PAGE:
The ICC is yet to put in a bid for the inclusion of cricket as an Olympic sport. Image source: indusage.com
For cricketing big boys like Australia and England, the situation isn't the same as India. They have sports teams and athletes that win them medals on a consistent basis, so their respective cricketing boards do not experience much pressure to put subsequent pressure on the ICC. Even the West Indies are in a precarious position. The West Indian cricket team as we know it, is an alliance of 15 nations. So even if cricket does go to the Olympics, they will not be able to play together; rendering them uninterested in the whole ordeal.
But none of this matters to India or Indian cricket fans, in the current setup. From a financial point of view, India is a cricketing superpower. 70% of the ICC’s entire revenue is generated through Indian markets, and according to the latest revenue sharing model proposed by the council, we aren't even getting paid equitably for the money we bring in. As it stands, the ICC is dependant on Indian revenue.
Time is of the essence here, as the ICC has about a month left to come up with a decision on the issue of cricket in the 2024 Olympics. If we miss out there, we will have to wait over a decade to possibly catch India fight it out for a medal. By then it remains to be seen what the state of both Indian, and International cricket is.
For everything the BCCI is, it has not been a pushover on the international front. If the BCCI really wants the ICC to push immediately for cricket in the Olympics, they can. Because technically, if India boycotts a single competition (as they threatened to do with the Champions Trophy recently), that event generates only around a third of the revenue it would. Suddenly, the money the ICC would make via the Olympics, and the overall benefit of cricket on the global stage, would seem a lot more lucrative.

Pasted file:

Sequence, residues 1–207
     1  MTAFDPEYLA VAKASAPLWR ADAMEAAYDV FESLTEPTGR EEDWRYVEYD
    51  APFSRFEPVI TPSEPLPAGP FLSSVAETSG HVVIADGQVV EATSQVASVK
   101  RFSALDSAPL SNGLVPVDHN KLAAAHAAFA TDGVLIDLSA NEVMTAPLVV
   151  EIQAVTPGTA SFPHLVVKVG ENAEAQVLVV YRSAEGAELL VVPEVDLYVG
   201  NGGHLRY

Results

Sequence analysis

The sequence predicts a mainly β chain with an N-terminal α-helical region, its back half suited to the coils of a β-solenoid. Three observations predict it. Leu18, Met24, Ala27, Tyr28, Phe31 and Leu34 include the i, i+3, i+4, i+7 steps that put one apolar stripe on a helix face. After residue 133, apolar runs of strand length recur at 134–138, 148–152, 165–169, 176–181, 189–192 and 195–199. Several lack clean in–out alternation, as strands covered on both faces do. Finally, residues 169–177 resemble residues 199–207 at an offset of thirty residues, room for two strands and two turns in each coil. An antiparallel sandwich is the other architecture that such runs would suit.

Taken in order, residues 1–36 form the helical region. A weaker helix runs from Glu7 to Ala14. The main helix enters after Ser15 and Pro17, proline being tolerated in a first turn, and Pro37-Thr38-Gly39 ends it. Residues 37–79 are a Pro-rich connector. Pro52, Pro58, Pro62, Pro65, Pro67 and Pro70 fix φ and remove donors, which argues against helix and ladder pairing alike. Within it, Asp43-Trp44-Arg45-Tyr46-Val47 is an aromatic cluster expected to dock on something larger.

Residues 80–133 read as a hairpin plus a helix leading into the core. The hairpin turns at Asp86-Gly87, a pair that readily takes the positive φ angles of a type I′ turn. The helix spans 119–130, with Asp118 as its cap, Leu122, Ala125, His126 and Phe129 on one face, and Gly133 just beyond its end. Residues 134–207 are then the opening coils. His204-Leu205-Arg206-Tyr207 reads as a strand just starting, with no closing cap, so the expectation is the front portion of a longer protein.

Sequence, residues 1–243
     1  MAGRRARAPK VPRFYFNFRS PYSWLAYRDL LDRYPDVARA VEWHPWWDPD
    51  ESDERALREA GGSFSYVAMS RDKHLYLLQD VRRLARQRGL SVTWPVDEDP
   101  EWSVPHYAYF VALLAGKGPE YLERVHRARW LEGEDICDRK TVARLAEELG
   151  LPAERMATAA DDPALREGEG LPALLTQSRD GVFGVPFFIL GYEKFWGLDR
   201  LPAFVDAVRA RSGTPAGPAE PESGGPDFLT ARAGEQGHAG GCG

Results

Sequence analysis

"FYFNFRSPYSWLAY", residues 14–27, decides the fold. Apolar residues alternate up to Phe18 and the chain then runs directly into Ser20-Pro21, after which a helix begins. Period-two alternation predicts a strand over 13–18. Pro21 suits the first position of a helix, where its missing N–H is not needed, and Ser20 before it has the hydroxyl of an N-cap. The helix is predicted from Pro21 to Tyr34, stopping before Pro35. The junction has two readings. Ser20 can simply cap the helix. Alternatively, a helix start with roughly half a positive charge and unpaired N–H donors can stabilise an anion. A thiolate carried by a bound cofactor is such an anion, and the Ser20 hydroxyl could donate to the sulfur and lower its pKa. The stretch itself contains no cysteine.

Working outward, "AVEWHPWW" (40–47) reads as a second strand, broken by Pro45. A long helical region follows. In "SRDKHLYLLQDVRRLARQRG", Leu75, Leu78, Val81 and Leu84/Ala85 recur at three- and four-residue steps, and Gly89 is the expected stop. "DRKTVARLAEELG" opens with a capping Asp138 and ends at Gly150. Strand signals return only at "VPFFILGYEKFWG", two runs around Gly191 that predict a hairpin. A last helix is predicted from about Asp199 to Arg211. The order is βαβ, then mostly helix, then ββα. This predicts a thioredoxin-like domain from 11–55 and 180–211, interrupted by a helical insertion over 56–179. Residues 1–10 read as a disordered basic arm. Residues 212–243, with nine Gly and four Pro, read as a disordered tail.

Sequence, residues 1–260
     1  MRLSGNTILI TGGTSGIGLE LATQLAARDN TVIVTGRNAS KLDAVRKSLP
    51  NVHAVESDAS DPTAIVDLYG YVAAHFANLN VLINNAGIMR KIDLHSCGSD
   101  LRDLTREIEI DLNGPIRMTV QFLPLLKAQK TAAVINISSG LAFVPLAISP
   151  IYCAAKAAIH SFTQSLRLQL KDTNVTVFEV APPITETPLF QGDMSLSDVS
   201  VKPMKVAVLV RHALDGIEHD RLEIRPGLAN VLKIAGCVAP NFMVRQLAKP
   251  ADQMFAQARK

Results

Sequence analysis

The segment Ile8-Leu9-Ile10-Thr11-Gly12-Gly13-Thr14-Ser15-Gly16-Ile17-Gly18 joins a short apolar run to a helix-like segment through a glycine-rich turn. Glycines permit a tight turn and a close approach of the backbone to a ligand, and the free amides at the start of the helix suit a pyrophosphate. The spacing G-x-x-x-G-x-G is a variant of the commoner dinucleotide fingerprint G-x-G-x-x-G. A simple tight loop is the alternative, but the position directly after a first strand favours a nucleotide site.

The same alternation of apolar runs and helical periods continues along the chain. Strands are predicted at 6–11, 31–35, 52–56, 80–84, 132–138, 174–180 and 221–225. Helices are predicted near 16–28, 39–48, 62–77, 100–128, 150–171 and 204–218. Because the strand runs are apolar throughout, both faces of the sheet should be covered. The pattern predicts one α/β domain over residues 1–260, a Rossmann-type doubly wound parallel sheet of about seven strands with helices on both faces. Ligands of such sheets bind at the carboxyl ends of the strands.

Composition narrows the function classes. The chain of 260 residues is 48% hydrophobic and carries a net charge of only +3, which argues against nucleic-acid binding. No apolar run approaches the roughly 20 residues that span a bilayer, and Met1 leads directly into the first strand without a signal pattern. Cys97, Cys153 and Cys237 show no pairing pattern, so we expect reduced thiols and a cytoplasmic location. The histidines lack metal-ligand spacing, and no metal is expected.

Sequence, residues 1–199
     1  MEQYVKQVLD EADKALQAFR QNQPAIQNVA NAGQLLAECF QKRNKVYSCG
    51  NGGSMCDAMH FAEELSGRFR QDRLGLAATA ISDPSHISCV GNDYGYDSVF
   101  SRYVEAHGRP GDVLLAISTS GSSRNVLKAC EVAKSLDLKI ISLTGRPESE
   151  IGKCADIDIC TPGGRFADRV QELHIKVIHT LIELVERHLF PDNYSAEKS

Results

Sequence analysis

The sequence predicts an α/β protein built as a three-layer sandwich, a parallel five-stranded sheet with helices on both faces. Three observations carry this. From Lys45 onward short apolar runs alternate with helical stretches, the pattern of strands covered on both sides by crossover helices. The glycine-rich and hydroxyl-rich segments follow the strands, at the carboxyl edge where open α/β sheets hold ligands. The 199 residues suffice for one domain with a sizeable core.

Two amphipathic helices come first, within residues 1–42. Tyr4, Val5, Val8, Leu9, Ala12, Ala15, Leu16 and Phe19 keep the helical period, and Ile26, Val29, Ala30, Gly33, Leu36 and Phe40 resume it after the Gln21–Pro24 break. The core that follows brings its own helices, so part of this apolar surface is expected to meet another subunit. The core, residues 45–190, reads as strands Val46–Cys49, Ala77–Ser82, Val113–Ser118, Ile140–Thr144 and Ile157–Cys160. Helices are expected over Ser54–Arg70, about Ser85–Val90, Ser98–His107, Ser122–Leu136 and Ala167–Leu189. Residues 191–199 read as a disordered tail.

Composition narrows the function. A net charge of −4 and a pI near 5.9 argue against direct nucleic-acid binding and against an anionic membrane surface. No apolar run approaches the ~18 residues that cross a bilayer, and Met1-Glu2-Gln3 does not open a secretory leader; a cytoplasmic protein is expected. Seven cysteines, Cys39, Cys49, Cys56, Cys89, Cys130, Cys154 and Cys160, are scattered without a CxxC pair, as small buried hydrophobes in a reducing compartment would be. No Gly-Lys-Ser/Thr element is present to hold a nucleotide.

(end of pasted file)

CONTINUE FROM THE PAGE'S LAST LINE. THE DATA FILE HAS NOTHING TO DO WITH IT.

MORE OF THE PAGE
As a country, we find ourselves in the drivers seat on this issue. Cricket legends have been campaigning for the inclusion of T20 in the Olympics since 2008. The last time Cricket featured in a major sporting competition such as the Olympics was the Commonwealth Games in 1998. The sport is being dealt with unfairly by its own administrators, in my opinion.
The new T20 format makes cricket in the Olympics a strong possibility. Image source: indianexpress.com
Cricket at the Olympics would boost the popularity of the game even further, spreading it to countries outside of the Commonwealth as well. More countries playing cricket seriously is never a bad thing, even for the ICC.
For India, the chance to return from the 2024 Olympics with 15 cricketing medalists is something that fans of the game would die for. We’ve dominated cricket, on and off the pitch. We have two World Cups and the very first T20 World Cup. All that’s missing for us is an Olympic Gold.
Disclaimer: The views expressed in this article are independent views solely of the author(s) expressed in their private capacity and do not in any way represent or reflect the views of 101India.com.
By Rahul Sawhney
Cover photo credit: static.sify.com